Senator Dan Coats (R-Ind.), the ranking Republican on the Senate Appropriations Subcommittee on Homeland Security, today said that unless Congress takes action, the humanitarian crisis on the southern border of the United States will not improve.
"This situation is only going to grow worse with time and as the weather cools along our southern border," said Coats. "Congress needs to address the policies that created this situation, which will send a message to the drug smugglers and coyotes who are spreading false hope to the families sending their children to the United States. The best way to stop this humanitarian crisis is to reunite children who have come to America with their families in their home countries. President Obama and his administration must fully enforce our immigration laws."
Coats said that legislation passed by the House of Representatives on Friday takes the right approach to addressing the problem.
"The House-passed bill would help stem the tide of children making the difficult journey to the United States," said Coats. "Rather than reject the House effort, I urge Senator Reid to allow it to be debated in the Senate."
Coats also is supporting the Protecting Children and America's Homeland Act, a proposal introduced by Senators John Cornyn (R-Texas), Chuck Grassley (R-Iowa) and Minority Leader Mitch McConnell (R-Ky.). Similar to the House-passed bill, the proposal would make several changes to current immigration law to allow quicker repatriation of unaccompanied alien children while ensuring due process for asylum claims. The bill also would prevent the president from any expansion of the deferred action program and provide funding for border security, law enforcement and humanitarian assistance activities. The cost of the legislation would be fully offset.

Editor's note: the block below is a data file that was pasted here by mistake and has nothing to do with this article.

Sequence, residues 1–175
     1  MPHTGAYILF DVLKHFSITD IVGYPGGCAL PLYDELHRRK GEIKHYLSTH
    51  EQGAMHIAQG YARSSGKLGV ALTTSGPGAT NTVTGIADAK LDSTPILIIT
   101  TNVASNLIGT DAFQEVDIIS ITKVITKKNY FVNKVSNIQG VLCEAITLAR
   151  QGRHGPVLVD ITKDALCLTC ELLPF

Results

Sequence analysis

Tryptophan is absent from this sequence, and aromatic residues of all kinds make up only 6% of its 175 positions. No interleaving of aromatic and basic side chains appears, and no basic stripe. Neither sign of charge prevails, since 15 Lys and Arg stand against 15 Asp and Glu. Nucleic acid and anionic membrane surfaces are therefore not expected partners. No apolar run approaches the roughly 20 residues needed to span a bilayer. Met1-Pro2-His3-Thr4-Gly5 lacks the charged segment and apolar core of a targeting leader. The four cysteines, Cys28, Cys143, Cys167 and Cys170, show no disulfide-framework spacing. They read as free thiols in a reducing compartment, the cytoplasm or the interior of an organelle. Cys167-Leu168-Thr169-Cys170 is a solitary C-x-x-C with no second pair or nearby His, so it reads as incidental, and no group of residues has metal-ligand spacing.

"Our legislation is a reasonable approach that will address this problem more effectively than the Obama Administration's proposal to throw more money at the problem," said Coats.
More than 60,000 unaccompanied alien children -- mostly from Guatemala, Honduras and El Salvador -- have been apprehended on America's southern border during this fiscal year. Another 60,000 family members -- one or both parents traveling with their children -- have been apprehended during the same time period.